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The Myth of Africa

The Myth of Africa Author: Dorothy Hammond, Alta Jablow
Publication Date: Jan, 2012
Pages: 251
Trim Size: 5.5 x 8.5
ISBN: 978-0915042-04-3
List Price: $39.95
ISBN: 978-0915042-03-6
List Price: $49.95

From the sixteenth century on, British involvement in Africa was reflected in an immense volume of writing. Inherent in this British literature—ranging from works of great literary merit to sheer trash—was a remarkable consistency in its inaccurate depiction of Africa and its people, mirrored in literary responses to the slave trade, the acquisition and subsequent loss of an empire, and the rise of independent Africa. But throughout four centuries, the literature centered upon one main theme: the confrontation between civilized Britain and savage Africa. Through a retrospecwww.tive analysis, The Myth of Africa demonstrates that the literary image of Africa is a fantasy of a continent and a people that never were and could never be.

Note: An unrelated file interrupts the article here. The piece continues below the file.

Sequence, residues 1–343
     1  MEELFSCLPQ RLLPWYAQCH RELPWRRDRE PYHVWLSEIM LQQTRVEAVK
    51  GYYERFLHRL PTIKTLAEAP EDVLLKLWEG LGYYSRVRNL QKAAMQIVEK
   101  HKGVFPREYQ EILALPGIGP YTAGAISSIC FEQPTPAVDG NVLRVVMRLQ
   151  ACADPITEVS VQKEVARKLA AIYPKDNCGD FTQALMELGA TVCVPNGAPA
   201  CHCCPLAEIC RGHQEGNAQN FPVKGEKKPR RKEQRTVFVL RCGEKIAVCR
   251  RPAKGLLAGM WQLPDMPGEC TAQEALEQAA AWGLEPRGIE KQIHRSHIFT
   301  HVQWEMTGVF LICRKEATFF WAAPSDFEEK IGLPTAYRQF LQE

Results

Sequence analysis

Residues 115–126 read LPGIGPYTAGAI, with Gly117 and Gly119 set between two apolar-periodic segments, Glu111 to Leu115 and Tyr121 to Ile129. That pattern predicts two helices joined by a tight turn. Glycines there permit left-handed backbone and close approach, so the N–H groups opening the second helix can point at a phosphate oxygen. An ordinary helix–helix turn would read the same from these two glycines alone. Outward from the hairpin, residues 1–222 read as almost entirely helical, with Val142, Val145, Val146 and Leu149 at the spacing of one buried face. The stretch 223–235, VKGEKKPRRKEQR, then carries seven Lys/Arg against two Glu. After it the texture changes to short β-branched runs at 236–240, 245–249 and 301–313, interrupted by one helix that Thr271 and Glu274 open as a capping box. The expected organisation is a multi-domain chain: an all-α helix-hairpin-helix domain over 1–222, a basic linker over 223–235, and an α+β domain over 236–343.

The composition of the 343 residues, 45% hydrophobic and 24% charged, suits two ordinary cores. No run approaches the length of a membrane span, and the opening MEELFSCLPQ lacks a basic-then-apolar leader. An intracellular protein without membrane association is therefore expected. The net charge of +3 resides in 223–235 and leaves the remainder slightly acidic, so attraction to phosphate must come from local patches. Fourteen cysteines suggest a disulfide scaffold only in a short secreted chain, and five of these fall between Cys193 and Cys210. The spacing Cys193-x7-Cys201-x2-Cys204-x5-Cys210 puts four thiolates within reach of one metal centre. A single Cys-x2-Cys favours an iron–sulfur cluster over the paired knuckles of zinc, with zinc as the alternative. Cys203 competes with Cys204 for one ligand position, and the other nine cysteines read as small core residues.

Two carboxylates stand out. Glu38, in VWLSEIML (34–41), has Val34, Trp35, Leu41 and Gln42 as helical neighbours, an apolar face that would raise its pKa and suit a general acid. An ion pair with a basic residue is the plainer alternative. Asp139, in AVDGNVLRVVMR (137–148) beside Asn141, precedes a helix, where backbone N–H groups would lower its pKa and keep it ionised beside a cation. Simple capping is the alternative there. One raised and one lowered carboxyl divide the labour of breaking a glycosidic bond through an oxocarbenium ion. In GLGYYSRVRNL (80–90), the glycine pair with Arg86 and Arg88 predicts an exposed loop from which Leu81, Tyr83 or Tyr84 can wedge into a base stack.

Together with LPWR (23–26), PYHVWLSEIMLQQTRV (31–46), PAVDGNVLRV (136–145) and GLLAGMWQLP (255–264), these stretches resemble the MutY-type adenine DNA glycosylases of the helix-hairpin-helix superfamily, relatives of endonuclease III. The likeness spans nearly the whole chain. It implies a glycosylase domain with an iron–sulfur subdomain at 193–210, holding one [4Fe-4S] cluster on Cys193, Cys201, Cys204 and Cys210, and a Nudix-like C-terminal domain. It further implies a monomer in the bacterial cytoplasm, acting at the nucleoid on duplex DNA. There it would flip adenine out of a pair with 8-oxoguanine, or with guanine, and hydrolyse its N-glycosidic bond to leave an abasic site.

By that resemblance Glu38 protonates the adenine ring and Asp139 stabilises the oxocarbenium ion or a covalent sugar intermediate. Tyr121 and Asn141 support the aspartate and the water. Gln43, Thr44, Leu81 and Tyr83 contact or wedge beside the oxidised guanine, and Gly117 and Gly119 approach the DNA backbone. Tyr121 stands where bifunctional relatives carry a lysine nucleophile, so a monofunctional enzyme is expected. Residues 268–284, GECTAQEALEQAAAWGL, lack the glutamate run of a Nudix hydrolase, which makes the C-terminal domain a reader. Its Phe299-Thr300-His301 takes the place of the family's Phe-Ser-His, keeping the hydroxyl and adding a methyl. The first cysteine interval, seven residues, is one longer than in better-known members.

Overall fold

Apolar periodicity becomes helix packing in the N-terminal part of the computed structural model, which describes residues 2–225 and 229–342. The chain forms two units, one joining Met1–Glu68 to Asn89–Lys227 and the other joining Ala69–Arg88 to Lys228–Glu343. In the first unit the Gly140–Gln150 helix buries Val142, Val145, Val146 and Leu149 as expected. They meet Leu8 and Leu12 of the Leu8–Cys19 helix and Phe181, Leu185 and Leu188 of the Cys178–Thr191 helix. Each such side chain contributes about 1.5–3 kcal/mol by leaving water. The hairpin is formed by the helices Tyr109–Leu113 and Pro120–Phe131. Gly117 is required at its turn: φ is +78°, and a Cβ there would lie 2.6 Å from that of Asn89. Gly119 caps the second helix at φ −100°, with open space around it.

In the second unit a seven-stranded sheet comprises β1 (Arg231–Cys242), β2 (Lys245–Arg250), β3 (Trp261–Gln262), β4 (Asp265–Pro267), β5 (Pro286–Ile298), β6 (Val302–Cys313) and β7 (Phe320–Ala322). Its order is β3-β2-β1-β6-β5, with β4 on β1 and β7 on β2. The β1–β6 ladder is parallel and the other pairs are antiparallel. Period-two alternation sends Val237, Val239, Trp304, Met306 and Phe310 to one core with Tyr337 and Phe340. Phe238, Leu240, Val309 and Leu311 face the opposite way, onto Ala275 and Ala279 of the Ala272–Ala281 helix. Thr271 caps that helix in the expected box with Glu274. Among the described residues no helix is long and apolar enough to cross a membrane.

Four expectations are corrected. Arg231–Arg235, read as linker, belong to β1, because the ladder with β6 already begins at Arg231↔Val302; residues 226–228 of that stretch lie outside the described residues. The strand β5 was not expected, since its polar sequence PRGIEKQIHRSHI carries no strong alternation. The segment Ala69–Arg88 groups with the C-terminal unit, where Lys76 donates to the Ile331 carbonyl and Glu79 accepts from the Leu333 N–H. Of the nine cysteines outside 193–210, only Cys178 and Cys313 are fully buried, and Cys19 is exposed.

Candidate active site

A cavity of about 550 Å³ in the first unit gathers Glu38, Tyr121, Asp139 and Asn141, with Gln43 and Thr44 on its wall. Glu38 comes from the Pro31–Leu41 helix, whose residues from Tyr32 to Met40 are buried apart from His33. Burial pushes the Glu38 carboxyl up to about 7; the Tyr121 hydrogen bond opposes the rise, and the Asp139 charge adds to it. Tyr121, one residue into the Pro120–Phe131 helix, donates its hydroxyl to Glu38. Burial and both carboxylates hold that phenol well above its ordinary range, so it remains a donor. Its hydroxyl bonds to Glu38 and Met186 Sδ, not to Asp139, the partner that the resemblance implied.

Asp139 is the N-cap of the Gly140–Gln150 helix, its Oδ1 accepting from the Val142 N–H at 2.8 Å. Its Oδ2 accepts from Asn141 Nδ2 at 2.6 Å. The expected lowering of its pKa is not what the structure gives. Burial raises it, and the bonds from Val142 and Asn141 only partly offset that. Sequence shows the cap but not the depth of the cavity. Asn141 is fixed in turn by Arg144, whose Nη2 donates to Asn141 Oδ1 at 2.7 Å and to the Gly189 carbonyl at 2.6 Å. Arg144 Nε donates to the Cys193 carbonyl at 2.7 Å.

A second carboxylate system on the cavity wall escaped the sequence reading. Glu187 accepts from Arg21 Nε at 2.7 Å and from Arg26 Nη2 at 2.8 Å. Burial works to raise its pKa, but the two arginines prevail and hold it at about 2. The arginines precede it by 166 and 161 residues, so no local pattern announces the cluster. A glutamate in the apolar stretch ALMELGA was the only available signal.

The Myth of Africa convincingly demonstrating how British representations have arisen more from Western fantasies than from material facts about African reality. Chapters on ten separate patterns of stereotypes (such as ‘The Dark Labyrinth’ and ‘The Strange Woman’) are followed by an extremely extensive and useful bibliography. Covering more than 400 years of both fiction and nonfiction, Hammond and Jablow find that British writings about Africa are informed by a consistent pattern of primitivist myths in which Africa and Africans emerge as the polar opposites of Britain and the British. It becomes clear that negative and denigrating stereotypes about Africa function to help the British to envision themselves positively as noble, honorable, and sophisticated. The Myth of Africa can be seen as an important founding text of postcolonial studies and discourse analysis. Hammond and Jablow envision British stereotypical representations as arising from projections of shared unconscious fantasies into the real world. The authors demonstrate how a body of myth about Africa developed into a tradition with a ‘vast storehouse of lurid images’ to which writers went again and again through the centuries to draw ‘material’ for their books.

—Review of The Myth of Africa, by M. Keith Booker, Professor of English, University of Arkansas, Fayetteville, in The Chinua Achebe Encyclopedia (Greenwood Publishing)